The Ranger’s Apprentice series might not be for everyone, but for me, The Battle for Skandia is a testament to what I love about the series: great action, humor, and interesting characters. It more than makes up for the disappointing book that comes before and makes me excited to read more.
Recommended Age Range: 12+
Genre: Fantasy, Middle Grade
“What ‘what’ are you asking me?” he said. Then, thinking how to make his question clearer, he added, “Or to put it another way, why are you asking ‘what’?”
Controlling himself with enormous restraint, and making no secret of the fact, Halt said, very precisely: “You were about to ask a question.”
Horace frowned. “I was?”
Halt nodded. “You were. I saw you take a breath to ask it.”
“I see,” said Horace. “And what was it about?”
For just a second or two, Halt was speechless. He opened his mouth, closed it again, then finally found the strength to speak.
“That is what I was asking you,” he said. “When I said ‘what,’ I was asking you what you were about to ask me.”
“I wasn’t about to ask you ‘what,’” Horace replied, and Halt glared at him suspiciously.…
“Then what, if I may use that word once more, were you about to ask me?”
Horace drew breath once more, then hesitated. “I forget,” he said. “What were we talking about?”
Kaz Brekker and his crew have just pulled off a heist so daring even they didn’t think they’d survive. But instead of divvying up a fat reward, they’re right back to fighting for their lives. Double-crossed and badly weakened, the crew is low on resources, allies, and hope. As powerful forces from around the world descend to Ketterdam to root out the secrets of the dangerous drug known as jurda parem, old rivals and new enemies emerge to challenge Kaz’s cunning and test the team’s fragile loyalties. A war will be waged on the city’s dark and twisting streets—a battle for revenge and redemption that will decide the fate of the Grisha world.
I went into Crooked Kingdom knowing something big happens at the end, since people were screaming in Goodreads reviews about it, and I also had a fairly good idea about what that something bad would be. But before we talk about that, let me talk about my overall thoughts of the book.
I was pretty impressed with Bardugo in the Grisha trilogy, but she has clearly improved since then. Her writing is better, the plot is better, the characterization is hugely improved (except for one character, but I’ll get to that) and I thoroughly enjoyed this duology. Ruin and Rising let me down in the end, but Crooked Kingdom did not. My favorite moment of this book was the unexpected, small plot reveal made right at the end of the book, where I said “What?” out loud and then giggled in delight. I love authors who can so deftly weave a complex plot right under your nose and leave things hidden until the very end.
That being said, let’s move on to that Something Big that devastated most everyone who read the book—at least according to Goodreads. To be honest, I don’t know if the knowledge that something was going to happen ruined the moment for me, or if I would have felt as ambivalent about it even without knowing. And now I’m going to mention spoilers, so beware.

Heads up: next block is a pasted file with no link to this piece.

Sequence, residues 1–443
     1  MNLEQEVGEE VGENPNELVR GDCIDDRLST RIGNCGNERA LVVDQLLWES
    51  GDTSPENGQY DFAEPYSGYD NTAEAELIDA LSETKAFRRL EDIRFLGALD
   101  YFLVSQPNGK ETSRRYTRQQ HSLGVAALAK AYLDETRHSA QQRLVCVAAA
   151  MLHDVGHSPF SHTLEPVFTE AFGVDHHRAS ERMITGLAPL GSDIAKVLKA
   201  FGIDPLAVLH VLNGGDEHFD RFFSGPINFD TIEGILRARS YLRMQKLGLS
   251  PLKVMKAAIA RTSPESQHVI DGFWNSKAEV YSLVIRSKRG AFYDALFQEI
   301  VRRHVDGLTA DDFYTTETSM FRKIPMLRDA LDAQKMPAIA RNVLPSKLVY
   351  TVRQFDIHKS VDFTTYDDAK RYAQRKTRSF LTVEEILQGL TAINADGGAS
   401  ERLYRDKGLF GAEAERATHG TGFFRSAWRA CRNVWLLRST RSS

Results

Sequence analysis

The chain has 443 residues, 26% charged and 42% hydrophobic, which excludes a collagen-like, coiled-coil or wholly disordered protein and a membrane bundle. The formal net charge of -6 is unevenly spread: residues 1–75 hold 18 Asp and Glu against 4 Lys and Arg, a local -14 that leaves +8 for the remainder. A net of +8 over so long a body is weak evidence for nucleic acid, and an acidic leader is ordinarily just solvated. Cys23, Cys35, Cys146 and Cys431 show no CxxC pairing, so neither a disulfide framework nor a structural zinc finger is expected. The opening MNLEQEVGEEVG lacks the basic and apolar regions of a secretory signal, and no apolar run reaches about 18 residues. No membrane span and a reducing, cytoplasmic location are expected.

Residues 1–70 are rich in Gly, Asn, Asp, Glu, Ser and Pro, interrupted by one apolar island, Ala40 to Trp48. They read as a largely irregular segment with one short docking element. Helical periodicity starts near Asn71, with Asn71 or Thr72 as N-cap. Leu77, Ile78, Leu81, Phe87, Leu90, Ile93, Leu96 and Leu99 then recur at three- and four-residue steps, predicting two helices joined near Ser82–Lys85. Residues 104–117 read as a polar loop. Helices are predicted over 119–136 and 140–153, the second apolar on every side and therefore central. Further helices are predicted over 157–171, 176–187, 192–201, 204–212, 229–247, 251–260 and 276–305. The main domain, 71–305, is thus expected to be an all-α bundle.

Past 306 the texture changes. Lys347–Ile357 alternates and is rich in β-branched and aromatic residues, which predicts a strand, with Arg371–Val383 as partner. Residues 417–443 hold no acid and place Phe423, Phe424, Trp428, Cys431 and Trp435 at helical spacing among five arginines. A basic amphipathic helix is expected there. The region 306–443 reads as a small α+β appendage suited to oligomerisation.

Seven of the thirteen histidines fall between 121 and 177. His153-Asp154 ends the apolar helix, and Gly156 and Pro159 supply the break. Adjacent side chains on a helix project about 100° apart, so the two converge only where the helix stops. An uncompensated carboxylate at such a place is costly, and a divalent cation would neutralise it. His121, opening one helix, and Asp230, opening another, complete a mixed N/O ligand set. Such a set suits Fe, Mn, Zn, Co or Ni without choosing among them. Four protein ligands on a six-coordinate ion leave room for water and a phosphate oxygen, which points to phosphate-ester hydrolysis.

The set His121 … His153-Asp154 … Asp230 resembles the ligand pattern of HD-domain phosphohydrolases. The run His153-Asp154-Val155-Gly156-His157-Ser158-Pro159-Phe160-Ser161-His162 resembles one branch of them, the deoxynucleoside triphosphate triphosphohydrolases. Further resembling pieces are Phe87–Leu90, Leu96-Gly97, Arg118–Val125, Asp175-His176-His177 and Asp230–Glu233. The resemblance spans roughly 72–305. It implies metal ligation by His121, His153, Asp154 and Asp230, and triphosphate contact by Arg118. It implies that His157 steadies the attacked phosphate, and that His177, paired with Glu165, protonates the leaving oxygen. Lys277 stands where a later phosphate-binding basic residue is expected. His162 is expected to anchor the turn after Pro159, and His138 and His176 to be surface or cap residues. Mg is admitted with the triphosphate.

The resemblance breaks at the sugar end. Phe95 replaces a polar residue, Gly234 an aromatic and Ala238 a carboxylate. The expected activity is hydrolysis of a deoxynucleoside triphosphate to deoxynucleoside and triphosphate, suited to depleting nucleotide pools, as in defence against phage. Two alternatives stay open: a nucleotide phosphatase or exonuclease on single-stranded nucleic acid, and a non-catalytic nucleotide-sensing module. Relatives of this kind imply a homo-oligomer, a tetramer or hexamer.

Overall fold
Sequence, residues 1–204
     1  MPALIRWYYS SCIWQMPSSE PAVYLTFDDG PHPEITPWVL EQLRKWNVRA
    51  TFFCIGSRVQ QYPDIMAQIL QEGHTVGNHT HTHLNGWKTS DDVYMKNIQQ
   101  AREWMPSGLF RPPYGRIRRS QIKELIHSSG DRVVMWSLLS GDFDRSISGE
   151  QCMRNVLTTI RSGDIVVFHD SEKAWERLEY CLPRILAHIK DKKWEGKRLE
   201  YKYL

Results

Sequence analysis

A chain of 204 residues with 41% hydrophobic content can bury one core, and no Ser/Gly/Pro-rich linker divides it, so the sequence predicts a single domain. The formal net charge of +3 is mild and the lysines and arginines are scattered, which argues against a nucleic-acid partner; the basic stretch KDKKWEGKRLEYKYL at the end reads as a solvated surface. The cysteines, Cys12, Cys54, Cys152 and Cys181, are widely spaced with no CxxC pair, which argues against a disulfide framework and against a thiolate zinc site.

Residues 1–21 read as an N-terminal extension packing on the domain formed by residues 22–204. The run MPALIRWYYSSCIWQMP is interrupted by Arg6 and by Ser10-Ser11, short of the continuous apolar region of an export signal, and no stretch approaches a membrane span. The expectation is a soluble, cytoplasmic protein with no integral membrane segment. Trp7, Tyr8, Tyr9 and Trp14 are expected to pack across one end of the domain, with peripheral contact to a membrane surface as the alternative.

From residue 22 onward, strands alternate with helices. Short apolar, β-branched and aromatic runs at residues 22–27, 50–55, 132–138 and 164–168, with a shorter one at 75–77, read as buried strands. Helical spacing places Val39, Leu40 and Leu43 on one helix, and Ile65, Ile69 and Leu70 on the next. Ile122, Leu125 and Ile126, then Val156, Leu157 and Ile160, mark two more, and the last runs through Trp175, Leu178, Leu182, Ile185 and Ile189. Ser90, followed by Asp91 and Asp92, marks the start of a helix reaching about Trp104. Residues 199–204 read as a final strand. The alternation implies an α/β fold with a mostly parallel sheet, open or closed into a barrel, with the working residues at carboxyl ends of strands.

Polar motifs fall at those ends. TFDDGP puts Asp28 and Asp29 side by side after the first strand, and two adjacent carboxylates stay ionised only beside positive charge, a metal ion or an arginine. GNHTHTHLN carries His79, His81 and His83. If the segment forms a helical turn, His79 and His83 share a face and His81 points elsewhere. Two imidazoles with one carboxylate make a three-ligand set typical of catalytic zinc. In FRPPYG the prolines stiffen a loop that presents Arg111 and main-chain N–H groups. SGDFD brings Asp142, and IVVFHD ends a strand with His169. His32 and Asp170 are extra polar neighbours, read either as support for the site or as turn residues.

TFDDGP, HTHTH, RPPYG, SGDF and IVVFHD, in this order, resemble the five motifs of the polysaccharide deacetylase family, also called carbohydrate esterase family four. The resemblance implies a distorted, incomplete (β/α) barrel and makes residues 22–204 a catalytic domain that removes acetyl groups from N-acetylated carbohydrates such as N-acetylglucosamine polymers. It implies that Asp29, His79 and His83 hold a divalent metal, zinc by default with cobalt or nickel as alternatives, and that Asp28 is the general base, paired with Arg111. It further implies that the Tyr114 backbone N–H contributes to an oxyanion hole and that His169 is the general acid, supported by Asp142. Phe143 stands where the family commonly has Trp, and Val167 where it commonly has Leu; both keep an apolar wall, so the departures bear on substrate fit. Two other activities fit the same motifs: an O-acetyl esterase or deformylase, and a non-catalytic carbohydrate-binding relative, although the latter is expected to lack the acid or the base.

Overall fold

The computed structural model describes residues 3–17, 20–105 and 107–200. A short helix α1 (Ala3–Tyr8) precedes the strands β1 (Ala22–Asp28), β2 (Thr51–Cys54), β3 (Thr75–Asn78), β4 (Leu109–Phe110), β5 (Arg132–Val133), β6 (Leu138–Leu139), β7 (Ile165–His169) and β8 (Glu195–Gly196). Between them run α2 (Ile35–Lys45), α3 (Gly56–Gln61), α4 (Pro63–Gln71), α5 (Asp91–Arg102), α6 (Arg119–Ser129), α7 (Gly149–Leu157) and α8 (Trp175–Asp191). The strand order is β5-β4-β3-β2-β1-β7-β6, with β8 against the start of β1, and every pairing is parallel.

Frankly, Matthias’s death didn’t affect me all that much because Matthias was probably my least favorite character. He was probably the blandest, most boring character of the bunch—and I know that’s an unpopular opinion, but as I said about the first book, Nina/Matthias was never my cup of tea.
Also, looking back, his death was incredibly telegraphed—there’s only so much “we’re going to be awesome and I’m going to change the minds of my people and everything will be roses and daisies” talk that can happen before you start thinking “this person is totally not going to fulfill this, probably because he’s going to die.” And Matthias also made the most sense as to which character would die; Kaz and Inej are too important and Bardugo probably would never dare to kill off either Jesper or Wylan, so it made sense that either Nina or Matthias would die. And since Nina gets a new power to struggle over, that left Matthias. So, I’m inclined to think his death would not have surprised me even if I hadn’t been spoiled.
Bland Matthias aside, I really did enjoy Crooked Kingdom. It wasn’t quite as heist-centric as Six of Crows, but there was still a great capers plot and enough compelling and surprising twists to satisfy and surprise until the very end. Bardugo has definitely improved since the Grisha trilogy, and I would have to say that this duology is the stronger of the two series.
Recommended Age Range: 14+
Warnings: Homosexuality, violence, mentions of drugs and prostitution, death.
Genre: Fantasy, Young Adult
“This is good for us,” said Kaz. “The Shu and the Fjerdans don’t know where to start looking for Kuwei, and all those diplos making trouble at the Stadhall are going to create some nice noise to distract Van Eck.”
“What happened at Smeet’s office?” Nina asked. “Did you find out where Van Eck is keeping her?”
“I have a pretty good idea. We strike tomorrow at midnight.”
Disclaimer: An Uncommon Courtship, by Kristi Ann Hunter, was provided by Bethany House. I received a free copy. No review, positive or otherwise, was required—all opinions are my own.